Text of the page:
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BWW Review: THE MARRIED NAME at Counter-Productions Theatre

BWW Review: THE MARRIED NAME at Counter-Productions Theatre

Counter-Productions Theatre Company is presenting the world premiere of Kevin Broccoli's THE MARRIED NAME this weekend at AS 220's Black Box Theatre, 95 Empire St in Downtown Providence. Broccoli is a very talented actor, playwright, and artistic director of Epic Theatre in Cranston. In an uninterrupted hour and twenty minutes, THE MARRIED NAME deals with four men getting together for dinner a short time before the wedding of two of them. Rex and Dan are planning this wedding and encountering problems that probably should have been dealt with earlier. Kevin Broccoli can write funny.

Okay, what's to like? First of all, Katie Russel's set is lovely: and abstract rug, a small dining room table with chairs that are almost works of modern art all in muted tones with red napkins the only splashes of color (this is the kind of thing you would do if you had taste.) The play is done in the round, so the artwork on the walls is behind the audience in two rows of seats all around-the whole effect is to make the audience members feel like so many flies on the wall.

How about play itself? That was pretty good, too. Justin Pimental as Rex and Adam Preston as Dan play the married couple, and they seem to be under as much stress as any straight couple you might encounter. They have invited their friends Ethan (Luis Manaya) and Al (Ryan Levorone) to join them for dinner, and these two create a lot of trouble, both intentionally (mostly Ethan) and innocently (mostly Al). In the talkback after the performance on Saturday, Broccoli made a reference to Moonlighting. The Bruce Willis--Cybil Shepherd television series from the late 80's, and you can see the influence in the way he had his characters talk over each other, especially in the early going. It worked for the most part, but I felt like I missed some of the dialogue. The cast was mostly pretty smooth, but I thought Minaya's Ethan had the lion's share of the good lines as his character seemed most inclined to stir up trouble.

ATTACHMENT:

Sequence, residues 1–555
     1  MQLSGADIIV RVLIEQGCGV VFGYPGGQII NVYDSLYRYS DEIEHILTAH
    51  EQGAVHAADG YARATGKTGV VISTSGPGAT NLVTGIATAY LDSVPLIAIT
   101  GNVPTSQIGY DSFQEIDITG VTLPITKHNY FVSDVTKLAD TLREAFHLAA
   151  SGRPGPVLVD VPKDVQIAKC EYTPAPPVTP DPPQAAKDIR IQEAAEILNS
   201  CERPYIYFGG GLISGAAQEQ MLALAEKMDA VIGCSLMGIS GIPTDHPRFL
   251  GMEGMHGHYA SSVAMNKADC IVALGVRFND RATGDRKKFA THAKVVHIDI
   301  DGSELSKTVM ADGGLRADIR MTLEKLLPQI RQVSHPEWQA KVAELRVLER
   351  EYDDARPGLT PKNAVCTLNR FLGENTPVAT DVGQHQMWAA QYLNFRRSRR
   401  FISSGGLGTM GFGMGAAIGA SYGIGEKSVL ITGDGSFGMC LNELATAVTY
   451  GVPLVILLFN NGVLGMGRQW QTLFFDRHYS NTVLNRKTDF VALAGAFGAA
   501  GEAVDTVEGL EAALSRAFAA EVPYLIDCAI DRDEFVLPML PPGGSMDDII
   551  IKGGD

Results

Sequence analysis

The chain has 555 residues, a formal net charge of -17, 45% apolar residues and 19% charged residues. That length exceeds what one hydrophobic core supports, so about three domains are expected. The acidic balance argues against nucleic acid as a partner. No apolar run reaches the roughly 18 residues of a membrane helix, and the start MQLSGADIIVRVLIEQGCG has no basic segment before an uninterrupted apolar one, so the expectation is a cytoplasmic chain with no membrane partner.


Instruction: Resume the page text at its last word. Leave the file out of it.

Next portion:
What Broccoli has done is to imagine a combination of Edward Albee's Who's Afraid of Virginia Woolf and His Girl Friday, the Cary Grant/Rosalind Russell screen version of Ben Hecht and Charles McArthur's The Front Page. It's a screwball comedy that turns very dark but has a happy ending. That describes a lot of Shakespeare's comedies, doesn't it? The humor comes from the semi-snide comments that the characters, especially Evan, toss at one another; the darkness comes from the pain and discomfort many of those same comments cause. The ending felt a little hollow to me, and the play felt a little long, but Broccoli is a talented guy whose work needs to be supported. This play has its moments and moments when you wish there were a few fewer moments. I felt kind of that way about Virginia Woolf.

On a sad note, Counter-Productions is calling it a day after fifteen years. This will be their last season at AS 220. Last season I saw their excellent production od Waiting for Godot and playwright David Eliet's LE DERNIER REPAS: A LOVE STORY, and both were excellent. On a happier note, THE MARRIED NAME runs this weekend at 7:00 on Friday and Saturday and 2:00. Tickets are $20.00 and can purchased at

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From This Author Larry O'Brien